OBJECTIVE—To perform a meta-analysis of randomized controlled trials of cinnamon to better characterize its impact on glucose and plasma lipids.
RESEARCH DESIGN AND METHODS—A systematic literature search through July 2007 was conducted to identify randomized placebo-controlled trials of cinnamon that reported data on A1C, fasting blood glucose (FBG), or lipid parameters. The mean change in each study end point from baseline was treated as a continuous variable, and the weighted mean difference was calculated as the difference between the mean value in the treatment and control groups. A random-effects model was used.
RESULTS—Five prospective randomized controlled trials (n = 282) were identified. Upon meta-analysis, the use of cinnamon did not significantly alter A1C, FBG, or lipid parameters. Subgroup and sensitivity analyses did not significantly change the results.
CONCLUSIONS—Cinnamon does not appear to improve A1C, FBG, or lipid parameters in patients with type 1 or type 2 diabetes.
Cinnamon contains biologically active substances that have demonstrated insulin-mimetic properties. In vitro (1,2) and in vivo (3,4) studies have shown that cinnamon enhances glucose uptake by activating insulin receptor kinase activity, autophosphorylation of the insulin receptor, and glycogen synthase activity. Other recent studies have demonstrated the ability of cinnamon to reduce lipid levels in fructose-fed rats, potentially via inhibiting hepatic 3-hydroxy-3-methylglutaryl CoA reductase activity (5,6).
Several clinical trials (7–11) have investigated the impact of cinnamon on glucose and plasma lipid concentrations in patients with diabetes but yielded conflicting results and had modest sample sizes. Therefore, we performed a meta-analysis of randomized controlled trials of cinnamon to better characterize its impact on glucose and plasma lipids.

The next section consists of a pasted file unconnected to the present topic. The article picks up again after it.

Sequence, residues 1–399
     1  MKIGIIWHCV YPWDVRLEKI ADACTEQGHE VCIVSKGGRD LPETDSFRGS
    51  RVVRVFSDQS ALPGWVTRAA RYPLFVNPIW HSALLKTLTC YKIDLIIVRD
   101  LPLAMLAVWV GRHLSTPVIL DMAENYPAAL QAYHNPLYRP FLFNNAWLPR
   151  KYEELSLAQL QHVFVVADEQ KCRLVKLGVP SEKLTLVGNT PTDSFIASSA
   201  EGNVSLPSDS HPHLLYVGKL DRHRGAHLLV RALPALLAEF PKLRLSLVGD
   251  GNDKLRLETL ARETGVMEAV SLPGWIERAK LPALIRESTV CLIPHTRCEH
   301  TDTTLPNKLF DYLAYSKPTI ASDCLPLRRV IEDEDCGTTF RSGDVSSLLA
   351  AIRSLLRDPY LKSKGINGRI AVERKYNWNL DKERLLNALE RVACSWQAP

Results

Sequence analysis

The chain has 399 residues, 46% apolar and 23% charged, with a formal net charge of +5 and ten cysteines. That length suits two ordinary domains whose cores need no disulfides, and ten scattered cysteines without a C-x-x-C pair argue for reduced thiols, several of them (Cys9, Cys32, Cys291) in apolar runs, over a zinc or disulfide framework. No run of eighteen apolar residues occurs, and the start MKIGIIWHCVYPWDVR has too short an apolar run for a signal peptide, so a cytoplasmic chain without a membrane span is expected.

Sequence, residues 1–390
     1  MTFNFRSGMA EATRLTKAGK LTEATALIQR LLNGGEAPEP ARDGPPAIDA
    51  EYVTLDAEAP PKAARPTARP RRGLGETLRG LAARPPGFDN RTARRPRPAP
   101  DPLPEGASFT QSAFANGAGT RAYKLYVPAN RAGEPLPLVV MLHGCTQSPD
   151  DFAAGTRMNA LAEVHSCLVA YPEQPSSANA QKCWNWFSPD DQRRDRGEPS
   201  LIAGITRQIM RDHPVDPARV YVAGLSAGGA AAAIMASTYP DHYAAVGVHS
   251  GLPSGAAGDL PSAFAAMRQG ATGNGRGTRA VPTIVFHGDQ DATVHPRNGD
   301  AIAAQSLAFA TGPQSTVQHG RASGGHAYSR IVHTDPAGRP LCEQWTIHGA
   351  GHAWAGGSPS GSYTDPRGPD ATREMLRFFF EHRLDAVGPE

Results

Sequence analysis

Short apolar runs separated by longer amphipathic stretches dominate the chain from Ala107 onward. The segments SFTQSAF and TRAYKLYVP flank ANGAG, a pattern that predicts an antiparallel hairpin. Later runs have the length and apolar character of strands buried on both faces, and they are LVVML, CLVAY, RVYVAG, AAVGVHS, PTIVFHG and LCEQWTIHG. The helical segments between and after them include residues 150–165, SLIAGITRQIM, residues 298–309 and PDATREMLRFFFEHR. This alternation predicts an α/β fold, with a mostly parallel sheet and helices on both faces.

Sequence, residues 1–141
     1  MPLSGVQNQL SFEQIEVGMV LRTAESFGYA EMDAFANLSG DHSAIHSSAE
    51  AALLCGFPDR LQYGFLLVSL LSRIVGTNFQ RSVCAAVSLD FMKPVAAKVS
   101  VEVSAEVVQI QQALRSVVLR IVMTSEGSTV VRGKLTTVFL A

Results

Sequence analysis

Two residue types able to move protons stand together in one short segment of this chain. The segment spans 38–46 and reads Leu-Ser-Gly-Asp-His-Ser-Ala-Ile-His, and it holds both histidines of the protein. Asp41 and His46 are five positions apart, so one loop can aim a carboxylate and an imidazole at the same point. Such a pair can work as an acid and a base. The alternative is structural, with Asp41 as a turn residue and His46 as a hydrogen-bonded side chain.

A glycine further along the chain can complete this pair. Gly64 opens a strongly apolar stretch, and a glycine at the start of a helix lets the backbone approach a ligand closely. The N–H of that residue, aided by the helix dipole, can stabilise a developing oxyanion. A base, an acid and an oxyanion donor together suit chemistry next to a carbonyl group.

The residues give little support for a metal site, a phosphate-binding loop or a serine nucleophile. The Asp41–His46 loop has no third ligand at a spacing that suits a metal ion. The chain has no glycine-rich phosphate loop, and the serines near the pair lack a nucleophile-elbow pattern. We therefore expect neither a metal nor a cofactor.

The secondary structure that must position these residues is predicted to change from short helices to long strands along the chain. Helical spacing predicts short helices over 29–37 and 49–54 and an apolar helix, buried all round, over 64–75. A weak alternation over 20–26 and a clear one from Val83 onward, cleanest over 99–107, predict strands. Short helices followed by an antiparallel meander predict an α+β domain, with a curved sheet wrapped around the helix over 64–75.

RESEARCH DESIGN AND METHODS
To be included in this meta-analysis, trials had to be randomized placebo-controlled trials of cinnamon and report data on A1C, fasting blood glucose (FBG), or lipid parameters.
Using the above-mentioned inclusion criteria, we conducted a systematic literature search of MEDLINE, CINAHL, Web of Science, and the Cochrane Library from the earliest possible date through July 2007. We used the following medical subject headings and keywords: “cinnamon,” “cinnamomum,” “cinnamomum cassia,” “cinnamomum zeylanicum,” and “cinnamomum aromaticum” in combination with “diabetes mellitus.” Results were limited to clinical trials in humans. A manual search of retrieved articles was also performed. Three investigators independently reviewed potentially relevant articles and abstracted necessary data.